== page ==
Fool’s Gold of the Left: Misplaced Hope for Voter Turnout

Fool’s Gold of the Left: Misplaced Hope for Voter Turnout

Who are the nonvoters? Although they can be found in every stratum of society, there is no doubt they are disproportionately poor, less educated, black, and Hispanic—generally viewed as liberal and Democratic-leaning groups. Moreover, this bias, at least in terms of class, has been getting worse over time. Since nonvoters are now over half the potential (age-eligible) electorate, even in presidential elections (they are almost two-thirds in off-year elections), these well-known characteristics of nonvoters have led many on the left to conclude that the key to realigning American politics is getting more of them to the polls. More nonvoters voting would mean substantially more voters who are liberal-leaning, which would mean, in turn, substantially more liberal politics and politicians.

A simple and compelling story. Too bad it’s wrong—not only wrong, but positively harmful. Increasing turnout is the fool’s gold of the left and diverts attention from the real challenge faced by any sort of progressive politics: winning over more white, working-class voters to the side of active, strong government. But as long as people on the left can convince themselves that getting more of those pesky nonvoters to the polls will solve America’s political problems, they can avoid this rather thorny and uncomfortable challenge.

There are a number of reasons why a strategy based on generally increasing turnout just won’t work (in the sense of producing substantially more liberal political outcomes), including: (1) the nonvoting pool, while not a faithful representation of the entire population, is hardly a monolith of the disadvantaged; (2) partisan biases by class, especially compared to other countries, are not overwhelming (biases in political attitudes even less so), so the relatively poor and less educated nature of the nonvoting pool doesn’t make it as liberal as people generally suppose; (3) nonvoters’ policy preferences, controlled for demographics, are remarkably similar to voters’; (4) nonvoters are particularly likely to disregard partisan and other preferences and surge in the direction of the candidate who appears to be winning; and (5) for mathematical reasons, it is a great deal easier to change an election outcome by switching the preferences of existing voters than by adding new voters. (All of these points are developed in detail in my 1992 Brookings book, The Disappearing American Voter.)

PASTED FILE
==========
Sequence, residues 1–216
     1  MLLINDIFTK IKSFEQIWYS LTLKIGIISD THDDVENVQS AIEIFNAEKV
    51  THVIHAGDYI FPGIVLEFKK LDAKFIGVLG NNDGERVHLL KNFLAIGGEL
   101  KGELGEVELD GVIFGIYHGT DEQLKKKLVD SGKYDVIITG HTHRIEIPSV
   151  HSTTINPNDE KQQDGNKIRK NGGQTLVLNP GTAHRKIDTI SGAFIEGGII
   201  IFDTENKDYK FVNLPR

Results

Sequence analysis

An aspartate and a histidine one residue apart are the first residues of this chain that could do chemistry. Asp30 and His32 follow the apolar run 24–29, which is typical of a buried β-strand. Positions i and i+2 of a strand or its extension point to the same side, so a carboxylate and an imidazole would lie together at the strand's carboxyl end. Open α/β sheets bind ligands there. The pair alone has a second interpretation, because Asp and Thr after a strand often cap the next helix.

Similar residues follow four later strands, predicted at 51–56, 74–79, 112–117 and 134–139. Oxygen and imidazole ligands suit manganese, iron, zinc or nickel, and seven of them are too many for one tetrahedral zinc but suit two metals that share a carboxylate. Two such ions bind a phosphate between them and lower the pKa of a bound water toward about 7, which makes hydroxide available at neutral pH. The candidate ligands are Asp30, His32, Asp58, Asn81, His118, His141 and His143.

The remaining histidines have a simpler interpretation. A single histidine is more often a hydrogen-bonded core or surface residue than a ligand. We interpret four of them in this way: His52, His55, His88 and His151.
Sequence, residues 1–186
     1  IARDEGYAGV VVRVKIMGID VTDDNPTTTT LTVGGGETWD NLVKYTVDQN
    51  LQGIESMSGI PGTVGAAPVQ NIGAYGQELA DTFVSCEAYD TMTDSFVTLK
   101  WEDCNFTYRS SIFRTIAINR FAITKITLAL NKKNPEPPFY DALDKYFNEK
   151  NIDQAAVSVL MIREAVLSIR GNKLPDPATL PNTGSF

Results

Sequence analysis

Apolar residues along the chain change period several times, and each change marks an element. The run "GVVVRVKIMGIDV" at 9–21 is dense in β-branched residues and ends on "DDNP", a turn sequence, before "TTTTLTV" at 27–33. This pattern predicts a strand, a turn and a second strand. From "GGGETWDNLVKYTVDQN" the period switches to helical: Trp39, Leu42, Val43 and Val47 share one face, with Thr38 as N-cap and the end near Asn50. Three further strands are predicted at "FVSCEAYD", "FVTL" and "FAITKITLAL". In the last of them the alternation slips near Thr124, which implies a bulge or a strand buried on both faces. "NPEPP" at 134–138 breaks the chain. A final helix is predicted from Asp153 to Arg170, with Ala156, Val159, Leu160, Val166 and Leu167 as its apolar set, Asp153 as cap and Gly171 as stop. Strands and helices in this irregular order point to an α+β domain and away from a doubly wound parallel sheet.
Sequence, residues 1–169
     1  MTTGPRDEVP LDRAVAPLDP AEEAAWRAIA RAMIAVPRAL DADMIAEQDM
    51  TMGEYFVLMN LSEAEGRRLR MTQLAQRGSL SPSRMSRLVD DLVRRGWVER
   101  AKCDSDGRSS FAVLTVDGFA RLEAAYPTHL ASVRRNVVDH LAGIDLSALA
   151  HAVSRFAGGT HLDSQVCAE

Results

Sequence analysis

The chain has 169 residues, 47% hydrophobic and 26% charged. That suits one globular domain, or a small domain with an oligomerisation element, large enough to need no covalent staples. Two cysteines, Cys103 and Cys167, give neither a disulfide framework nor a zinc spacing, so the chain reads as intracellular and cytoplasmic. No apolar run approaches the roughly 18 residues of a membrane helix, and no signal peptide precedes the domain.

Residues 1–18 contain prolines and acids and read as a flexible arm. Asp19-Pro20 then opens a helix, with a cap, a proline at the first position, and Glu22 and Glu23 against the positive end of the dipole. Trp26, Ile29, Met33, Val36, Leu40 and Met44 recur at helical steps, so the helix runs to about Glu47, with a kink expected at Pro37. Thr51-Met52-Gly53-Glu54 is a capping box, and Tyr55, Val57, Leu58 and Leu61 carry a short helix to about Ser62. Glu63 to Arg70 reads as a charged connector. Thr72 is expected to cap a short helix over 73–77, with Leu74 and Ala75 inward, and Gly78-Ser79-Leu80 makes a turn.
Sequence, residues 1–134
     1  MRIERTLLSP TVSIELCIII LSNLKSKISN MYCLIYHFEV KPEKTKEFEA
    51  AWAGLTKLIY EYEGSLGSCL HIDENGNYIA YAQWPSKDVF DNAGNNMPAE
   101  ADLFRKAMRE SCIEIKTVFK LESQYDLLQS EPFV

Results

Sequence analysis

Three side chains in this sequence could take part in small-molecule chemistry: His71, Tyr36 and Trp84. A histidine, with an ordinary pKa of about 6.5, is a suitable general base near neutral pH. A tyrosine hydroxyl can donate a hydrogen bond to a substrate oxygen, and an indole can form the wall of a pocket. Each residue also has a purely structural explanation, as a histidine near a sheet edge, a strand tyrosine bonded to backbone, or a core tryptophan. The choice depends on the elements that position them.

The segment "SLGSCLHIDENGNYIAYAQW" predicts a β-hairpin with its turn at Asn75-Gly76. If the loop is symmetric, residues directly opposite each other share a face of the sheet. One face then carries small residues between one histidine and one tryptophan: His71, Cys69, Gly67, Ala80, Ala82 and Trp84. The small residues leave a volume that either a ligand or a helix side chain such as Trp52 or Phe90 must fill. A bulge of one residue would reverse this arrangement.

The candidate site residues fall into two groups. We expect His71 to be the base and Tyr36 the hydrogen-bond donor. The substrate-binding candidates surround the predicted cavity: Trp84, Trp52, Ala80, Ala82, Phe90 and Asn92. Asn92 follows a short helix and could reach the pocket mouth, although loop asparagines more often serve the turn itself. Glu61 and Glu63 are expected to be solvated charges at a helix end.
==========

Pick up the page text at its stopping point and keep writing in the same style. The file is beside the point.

Defenders of the turnout thesis might say, “OK, maybe general mobilization of nonvoters won’t do the trick, so we’ll be selective. Instead of trying to bring all the nonvoters to the polls, we’ll concentrate on expanding the Democratic/liberal base: union household members, blacks, and Hispanics [currently about one-third of all voters].” But this strategy also faces severe limitations.

Take union household voters: increasing their turnout rates would surely be an unambiguous good for progressives...